Have one person make notes of what needs to be done each day and be responsible for making sure that happens.

Have one person doing phone calls, putting notices in paper etc

Have another person to run errands, like taking clothes to funeral home.

Have someone bake some cakes or buy biscuits, chocolate and fruit.

Have someone preparing meals.


You will need to (if you are next of kin)

Speak with minister or celebrant.

Prepare what you want to say at the funeral or what you would like read out on your behalf.

Have someone stay at the house for at least 2 nights after the funeral. (you may feel like you want to be alone, especially after all the funeral preperation, so explain this to the person but say you would like them to stay just in case. Sometimes it is just knowing someone is there that makes all the difference.)

After the funeral

Check details on probate form and print it out. You will need to wait until you have the death certificate and then take the probate form, the will, your drivers licence or passport  and the death certificate to get witnessed by a JP. Make 10 copies of death certificate and get them all certified by the JP, get at least 3 copies of your drivers licence and 3 copies of Probate and will. Getting them all done at once will make it easier when the different organizations ask you for copies. All copies must be certified by a JP.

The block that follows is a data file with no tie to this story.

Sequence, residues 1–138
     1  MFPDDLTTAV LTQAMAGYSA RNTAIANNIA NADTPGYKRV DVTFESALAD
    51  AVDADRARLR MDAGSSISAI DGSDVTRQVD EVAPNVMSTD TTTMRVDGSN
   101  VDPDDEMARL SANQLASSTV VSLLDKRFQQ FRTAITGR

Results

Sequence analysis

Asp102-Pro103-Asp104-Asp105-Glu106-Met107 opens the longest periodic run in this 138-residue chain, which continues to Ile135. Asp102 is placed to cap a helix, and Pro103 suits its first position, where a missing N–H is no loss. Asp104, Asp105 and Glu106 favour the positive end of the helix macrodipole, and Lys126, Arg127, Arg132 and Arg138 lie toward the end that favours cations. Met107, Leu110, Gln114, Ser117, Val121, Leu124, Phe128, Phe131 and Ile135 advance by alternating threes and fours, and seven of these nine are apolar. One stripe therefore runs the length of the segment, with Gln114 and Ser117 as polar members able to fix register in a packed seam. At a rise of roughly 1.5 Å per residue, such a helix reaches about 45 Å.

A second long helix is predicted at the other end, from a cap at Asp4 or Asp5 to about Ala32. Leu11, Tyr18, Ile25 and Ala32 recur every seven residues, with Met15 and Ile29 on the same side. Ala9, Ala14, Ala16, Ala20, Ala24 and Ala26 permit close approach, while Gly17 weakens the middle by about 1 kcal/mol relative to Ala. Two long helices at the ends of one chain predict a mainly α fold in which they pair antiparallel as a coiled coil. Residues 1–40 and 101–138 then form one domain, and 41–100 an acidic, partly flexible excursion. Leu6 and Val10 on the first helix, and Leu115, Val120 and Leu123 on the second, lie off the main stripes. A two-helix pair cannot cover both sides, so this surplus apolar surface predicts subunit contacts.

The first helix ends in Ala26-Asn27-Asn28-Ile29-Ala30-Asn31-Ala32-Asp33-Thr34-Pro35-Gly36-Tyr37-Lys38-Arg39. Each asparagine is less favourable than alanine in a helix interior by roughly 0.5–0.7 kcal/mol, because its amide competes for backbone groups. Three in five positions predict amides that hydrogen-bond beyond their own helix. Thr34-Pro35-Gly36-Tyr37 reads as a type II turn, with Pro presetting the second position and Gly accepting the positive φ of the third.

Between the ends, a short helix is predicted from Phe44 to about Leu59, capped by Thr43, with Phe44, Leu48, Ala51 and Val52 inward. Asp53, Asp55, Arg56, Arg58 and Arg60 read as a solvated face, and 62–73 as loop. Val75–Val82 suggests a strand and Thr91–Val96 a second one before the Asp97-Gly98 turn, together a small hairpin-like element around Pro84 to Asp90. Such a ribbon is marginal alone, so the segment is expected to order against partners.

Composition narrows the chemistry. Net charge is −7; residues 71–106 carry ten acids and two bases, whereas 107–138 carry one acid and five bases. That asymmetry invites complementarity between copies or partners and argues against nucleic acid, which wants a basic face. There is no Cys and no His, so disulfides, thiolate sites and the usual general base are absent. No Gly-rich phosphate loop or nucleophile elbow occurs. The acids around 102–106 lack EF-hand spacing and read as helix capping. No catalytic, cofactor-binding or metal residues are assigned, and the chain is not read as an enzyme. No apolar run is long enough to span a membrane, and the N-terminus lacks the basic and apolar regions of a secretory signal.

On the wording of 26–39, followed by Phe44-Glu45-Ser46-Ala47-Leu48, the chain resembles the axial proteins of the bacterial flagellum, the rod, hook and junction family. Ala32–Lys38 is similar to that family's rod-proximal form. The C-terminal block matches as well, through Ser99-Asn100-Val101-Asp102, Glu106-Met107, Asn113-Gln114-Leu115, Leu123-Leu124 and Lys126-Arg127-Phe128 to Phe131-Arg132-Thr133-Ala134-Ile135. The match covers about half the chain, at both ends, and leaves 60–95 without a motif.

(Funeral home will normally organize the death certificate.If they don’t mention it, then ask))

See financial adviser to sort out your finances, make sure you take a copy of the will. They will not be able to do anything official until you get the death certificate, but they can help you get an idea of what will happen financially. Look here to see if you are eligible for any centerlink or govt assistance https://www.humanservices.gov.au/customer/subjects/what-do-following-death#a6

Work through list of who to contact below. https://www.humanservices.gov.au/sites/default/files/documents/who-to-notify-checklist.pdf

The following table lists the people and organisations you may need to contact if someone has died Person or organisation to be contacted

Have the details of any of these that you know listed, for example:

Contact person, phone number and address (if needed)

Details of person who died

(for example, account number, Medicare number)

Then start ringing or get someone to do it for you.

Australian Taxation Office 132 865

Banks,  Also while getting these details from the bank get the interest to date on all of the accounts separately and which accounts are in joint name and which in individual names (you will need this for the estate tax return)

credit unions

Centrelink payments 132 300

Child Support services 131 272

Clubs (e.g. the Returned and Services League)

Credit card/hire purchase

Department of Veterans’ Affairs 133 254

Australian Electoral Commission 132 326


Executor of the will

Foreign pension authority (if authority’s details are unknown contact Centrelink’s International Services) 131 673

Funeral bond Yes/No

Funeral insurance Yes/No

Health benefits fund

Health professionals (e.g. doctor, physiotherapist, dentist, podiatrist, optometrist)

Hearing centre


Insurance companies